Sunday night's aerial attack on the T4 airbase in Syria, near the city of Homs, was the third to have been ascribed to Israel at that site this year.
In February, the command-and-control center from which Iran sent a drone into Israeli airspace from Syria was bombed, and, in April, an Iranian aerial-defense system was blasted shortly after it arrived in T4. There have been other reports, never verified, of raids on arms supply convoys. In recent weeks, Syrian reports have blamed Israel for additional air raids, including one near the border with Iraq in which dozens of Shi'ite militiamen, funded by Iran, were killed.
Based on experience, Israeli will opt to attack in two possible contexts. The first is tactical: to hit a new arms shipment, or a weapons system that is about to be deployed. Israel has openly expressed concern about efforts by Iran to introduce such systems to protect its future military entrenchment in Syria, and has vowed to thwart such ambitions.
The second context is to send a strategic signal. The latest attack happened during the very week in which the Assad regime, assisted by Russia and Iran, advanced toward regaining its control over southern Syria, and its return to the country’s southwest corner, its Golan Heights.
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The fact that the bombing was carried out three days before Prime Minister Benjamin Netanyahu is due to meet with Russian President Vladimir Putin in Moscow sends a message. Israel (assuming it is indeed behind Sunday's attack) is determined to protect its interests and is not afraid of Russian reservations or an Iranian reaction.
In contrast to information leaked from Israel and to Russian insinuations in recent months, there is no new political arrangement in southern Syria. In practice, Israel has come to terms with the return of the Assad regime and insofar as is known, does not intend to intervene on behalf of the local rebel militias operating in the villages not far from the border with Israel's Golan Heights. Israel remains focused on its declared interest: expelling the Iranians and their militias from all Syrian territory – particularly in the south.
Moscow has hinted that it will act to keep the Iranians 80 kilometers away from the border, but the degree of its commitment to doing so remains unclear, even though both Russian officials and Syrian President Bashar Assad seem less keen on collaborating with Tehran than in the past. Evidence of that is the fact that Russia seems to be making peace with attacks that have been attributed to Israel against Iranian targets in Syria (there was yet another exchange of hostilities on May 10 – hours after Netanyahu returned from his last visit to Putin).
Israel's claim, which Netanyahu keeps repeating lately, is that it is not enough to draw an artificial line in the sand dozens of kilometers away from the border with Syria. Iran’s weapons have longer ranges than the distance Russia is prepared to take into consideration. Israel declares that as long as there is any Iranian presence in Syria, even indirect, it feels threatened. Netanyahu is thus presenting a far-reaching demand – and signaling that he means to try to enforce it, despite the not-insignificant risks involved.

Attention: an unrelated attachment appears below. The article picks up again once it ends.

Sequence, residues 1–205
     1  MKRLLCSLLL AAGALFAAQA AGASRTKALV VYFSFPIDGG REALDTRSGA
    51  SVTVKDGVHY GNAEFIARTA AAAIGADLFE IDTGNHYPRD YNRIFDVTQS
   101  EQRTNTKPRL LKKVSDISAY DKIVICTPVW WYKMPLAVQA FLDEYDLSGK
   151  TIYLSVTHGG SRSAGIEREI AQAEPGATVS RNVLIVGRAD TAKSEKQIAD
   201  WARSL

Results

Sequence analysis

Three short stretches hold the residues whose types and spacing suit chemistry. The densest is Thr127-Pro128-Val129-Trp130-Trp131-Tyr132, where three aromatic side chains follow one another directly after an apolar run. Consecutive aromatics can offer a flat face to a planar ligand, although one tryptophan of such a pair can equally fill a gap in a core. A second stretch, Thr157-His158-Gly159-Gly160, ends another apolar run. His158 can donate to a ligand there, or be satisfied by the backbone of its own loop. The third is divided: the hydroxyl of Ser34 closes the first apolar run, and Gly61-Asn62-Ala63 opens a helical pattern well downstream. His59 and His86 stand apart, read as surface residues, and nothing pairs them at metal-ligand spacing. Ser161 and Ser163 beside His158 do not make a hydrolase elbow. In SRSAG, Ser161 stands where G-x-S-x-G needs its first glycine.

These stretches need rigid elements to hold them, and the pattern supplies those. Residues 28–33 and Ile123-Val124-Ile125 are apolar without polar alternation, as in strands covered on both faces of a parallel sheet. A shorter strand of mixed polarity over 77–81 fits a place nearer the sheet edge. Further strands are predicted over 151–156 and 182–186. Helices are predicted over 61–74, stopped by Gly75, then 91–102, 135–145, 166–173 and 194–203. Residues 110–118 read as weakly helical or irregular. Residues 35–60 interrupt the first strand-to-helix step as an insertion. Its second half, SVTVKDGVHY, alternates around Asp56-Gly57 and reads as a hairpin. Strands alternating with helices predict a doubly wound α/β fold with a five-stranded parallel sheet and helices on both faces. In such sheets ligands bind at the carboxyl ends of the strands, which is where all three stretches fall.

In the background is Israel's ongoing failure to handle a similar threat, from Hezbollah, during a period of over 20 years. Hezbollah’s arsenal of rockets and missiles has grown, encouraged and funded by Tehran, from hundreds at the end of the Israel Defense Forces' Grapes of Wrath campaign in 1996, to about 13,000 on the eve of the Second Lebanon War, a decade later, to more than 100,000 today.
In Jerusalem they still think that the new Iranian threat from Syria can be destroyed while it is still emerging.
On the other hand, there are assessments in Israel to the effect that, despite the developing domestic Iranian dialogue, the commander of the Iranian Revolutionary Guards’ Quds force, General Qassem Soleimani, is determined to continue the project of Iran’s military entrenchment in Syria. He sees Syria as a jumping-off place for fighting Israel over time. At the same time, Soleimani and his people are assisting Hezbollah in improving the efficacy of its arsenal of guided missiles and rockets in striking infrastructure targets in the Israeli home front.
Jerusalem describes the effort to thwart Iran and Hezbollah, supported by the Trump administration, as a national strategic interest. When Netanyahu returned from Moscow on May 10, Soleimani ordered his forces to fire rockets from Syria at IDF outposts in the Golan Heights. The attacks failed and some of the rockets were intercepted by the Iron Dome batteries. Israel responded by bombing additional Iranian targets.
For a second Soleimani seemed to be blinking, but now it’s become clear that Tehran is persisting. And that is the background to the Israeli intelligence assessment that's taking shape ahead of 2019: The probability of a pre-planned war against Israel seems very remote. On the other hand, the danger of an unanticipated deterioration of the situation, following exchanges of blows in the north, or in the Gaza Strip, is even higher than it has been in the last two years.